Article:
The Power of Process
There’s no such thing as a crystal ball in investing, but a proven thought process is the next best thing.
When evaluating a money manager, many investors make the mistake of failing to explore the firm’s or individual’s thought process. After all, you can’t buy past returns and forecasts. The core question is: Has the firm demonstrated a research process that can differentiate it from the crowd?
We believe Fisher Investments’ rigorous and detailed approach—questioning conventional wisdom, checking bias and emotion—can be a powerful asset to your portfolio.
The recent US Presidential Election is an opportunity for you to see the value of this approach in action. We assessed how either candidate could win and what it meant for stocks. Many firms and forecasters were surprised Donald Trump won, as they followed polls and pundits’ projections. But all along we argued this could be off. We outlined Trump’s potential road to the White House in publications this summer, and it bears a striking resemblance to the November 8 results. We described this “bottom-up” analysis in our Q3 2016 Stock Market Outlook:
Though little noticed, Republicans control most state governments bottom-to-top. In Michigan, a blue state per top-down analysis, Republicans hold both legislative houses and all state offices. Pennsylvania and other top-down “blue” states are also heavily Republican at the state level. Republicans’ rise in several state governments is relatively recent and non-urban, hence widely overlooked. (Appendix II, Page 11)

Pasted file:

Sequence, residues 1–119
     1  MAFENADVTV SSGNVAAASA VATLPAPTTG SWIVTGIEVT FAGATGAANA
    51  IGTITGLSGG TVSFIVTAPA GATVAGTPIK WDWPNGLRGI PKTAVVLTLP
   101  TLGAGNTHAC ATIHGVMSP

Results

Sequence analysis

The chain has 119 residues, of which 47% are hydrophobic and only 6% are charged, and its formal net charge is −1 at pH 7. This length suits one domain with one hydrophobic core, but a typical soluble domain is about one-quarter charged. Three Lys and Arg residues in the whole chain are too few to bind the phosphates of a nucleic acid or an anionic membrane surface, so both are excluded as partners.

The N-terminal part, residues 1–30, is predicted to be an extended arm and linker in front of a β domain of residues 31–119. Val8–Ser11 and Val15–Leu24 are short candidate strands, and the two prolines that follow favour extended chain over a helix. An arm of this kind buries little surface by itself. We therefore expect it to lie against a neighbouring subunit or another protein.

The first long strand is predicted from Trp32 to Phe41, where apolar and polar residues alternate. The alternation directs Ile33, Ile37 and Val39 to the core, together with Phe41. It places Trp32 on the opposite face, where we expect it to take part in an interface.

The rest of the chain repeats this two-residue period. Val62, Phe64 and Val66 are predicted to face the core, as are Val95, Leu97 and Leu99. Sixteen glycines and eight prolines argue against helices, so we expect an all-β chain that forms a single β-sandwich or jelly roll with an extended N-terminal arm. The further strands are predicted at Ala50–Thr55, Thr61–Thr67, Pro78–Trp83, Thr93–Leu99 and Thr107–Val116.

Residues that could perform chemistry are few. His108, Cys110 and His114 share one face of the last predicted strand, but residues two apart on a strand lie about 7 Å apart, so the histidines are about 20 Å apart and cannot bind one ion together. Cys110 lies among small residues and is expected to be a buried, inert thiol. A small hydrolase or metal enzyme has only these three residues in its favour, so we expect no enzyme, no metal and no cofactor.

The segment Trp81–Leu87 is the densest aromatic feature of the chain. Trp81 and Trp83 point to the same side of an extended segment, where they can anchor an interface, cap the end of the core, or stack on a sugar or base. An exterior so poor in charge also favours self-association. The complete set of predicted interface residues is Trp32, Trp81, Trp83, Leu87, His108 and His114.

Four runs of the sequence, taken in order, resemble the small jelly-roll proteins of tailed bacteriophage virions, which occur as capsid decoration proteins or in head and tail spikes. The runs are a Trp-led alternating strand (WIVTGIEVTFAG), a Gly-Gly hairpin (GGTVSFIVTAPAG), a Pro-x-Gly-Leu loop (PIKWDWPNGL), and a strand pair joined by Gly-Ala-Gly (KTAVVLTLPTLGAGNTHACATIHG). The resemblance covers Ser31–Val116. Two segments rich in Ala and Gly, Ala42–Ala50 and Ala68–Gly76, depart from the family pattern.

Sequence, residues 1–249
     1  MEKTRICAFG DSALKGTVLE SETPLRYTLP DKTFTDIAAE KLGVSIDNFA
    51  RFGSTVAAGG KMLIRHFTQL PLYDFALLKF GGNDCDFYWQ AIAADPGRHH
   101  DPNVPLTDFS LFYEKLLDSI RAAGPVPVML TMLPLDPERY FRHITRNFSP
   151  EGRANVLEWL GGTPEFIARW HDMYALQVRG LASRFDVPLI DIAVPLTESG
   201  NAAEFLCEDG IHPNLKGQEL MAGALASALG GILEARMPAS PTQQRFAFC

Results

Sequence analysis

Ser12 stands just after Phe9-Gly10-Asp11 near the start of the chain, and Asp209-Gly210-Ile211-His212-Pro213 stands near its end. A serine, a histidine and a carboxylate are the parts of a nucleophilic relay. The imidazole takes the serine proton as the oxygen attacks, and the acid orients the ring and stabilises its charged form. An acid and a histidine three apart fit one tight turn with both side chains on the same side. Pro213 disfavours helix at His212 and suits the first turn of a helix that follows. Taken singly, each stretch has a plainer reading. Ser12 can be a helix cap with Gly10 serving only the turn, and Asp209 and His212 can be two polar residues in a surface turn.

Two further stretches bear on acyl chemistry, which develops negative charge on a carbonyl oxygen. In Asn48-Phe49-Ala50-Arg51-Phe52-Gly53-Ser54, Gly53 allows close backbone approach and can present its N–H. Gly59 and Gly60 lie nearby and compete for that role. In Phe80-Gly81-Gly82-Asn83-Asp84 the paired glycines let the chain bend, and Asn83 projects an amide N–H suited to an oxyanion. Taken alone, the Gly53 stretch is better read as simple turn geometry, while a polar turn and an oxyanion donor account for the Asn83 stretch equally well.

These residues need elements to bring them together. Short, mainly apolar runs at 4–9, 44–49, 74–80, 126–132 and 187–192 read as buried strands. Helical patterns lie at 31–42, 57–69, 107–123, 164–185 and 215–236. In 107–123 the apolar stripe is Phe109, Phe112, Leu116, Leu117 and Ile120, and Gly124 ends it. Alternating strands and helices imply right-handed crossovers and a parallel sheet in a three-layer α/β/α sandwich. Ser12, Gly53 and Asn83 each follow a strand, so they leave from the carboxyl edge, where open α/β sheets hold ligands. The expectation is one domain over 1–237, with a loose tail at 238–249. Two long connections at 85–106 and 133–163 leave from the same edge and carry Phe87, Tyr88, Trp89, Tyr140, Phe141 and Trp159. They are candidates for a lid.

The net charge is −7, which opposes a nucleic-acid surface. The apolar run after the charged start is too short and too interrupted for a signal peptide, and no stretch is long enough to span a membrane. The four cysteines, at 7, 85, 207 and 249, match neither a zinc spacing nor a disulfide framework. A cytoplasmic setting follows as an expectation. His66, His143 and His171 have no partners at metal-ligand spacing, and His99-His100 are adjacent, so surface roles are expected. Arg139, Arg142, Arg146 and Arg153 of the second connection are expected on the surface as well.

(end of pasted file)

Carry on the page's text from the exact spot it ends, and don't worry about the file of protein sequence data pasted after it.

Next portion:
As you may know, Pennsylvania, Michigan and Wisconsin—three states most presumed would go blue due to recent presidential elections—swung the race for Trump.
What’s more, many feared a Trump victory would bring a major stock market decline. One notable study by two economists projected US markets would be -10% and -12% lower if Trump won. We disagreed and critiqued this in our research:
We strongly advise against divining too much from these types of analyses. At its core, this paper argues that global markets and the US economy will behave in a given manner based on limited trading activity during a couple hours by a niche group of people on a Monday night in September and a weekend in October. … This understates the complexity and depth of global capital markets—US presidential politics are pretty far from the only driver.
We counseled investors to stay calm and own stocks—that while short-term volatility was possible, it can’t be predicted and would likely prove fleeting. Since the vote, stocks are up. Getting out of stocks would have been costly—in terms of taxes, trading costs and potential missed opportunity. Our large research staff’s disciplined process helped us avoid that pitfall.
Here are our latest, post-vote thoughts, though we believe politics are just one of three key drivers for stocks—alongside economics and sentiment. We analyze all three using the same evidence-driven process. If you wish, we would be happy to explain and demonstrate our research process to you more fully. Please contact us at (888) 823-9566 to talk it over.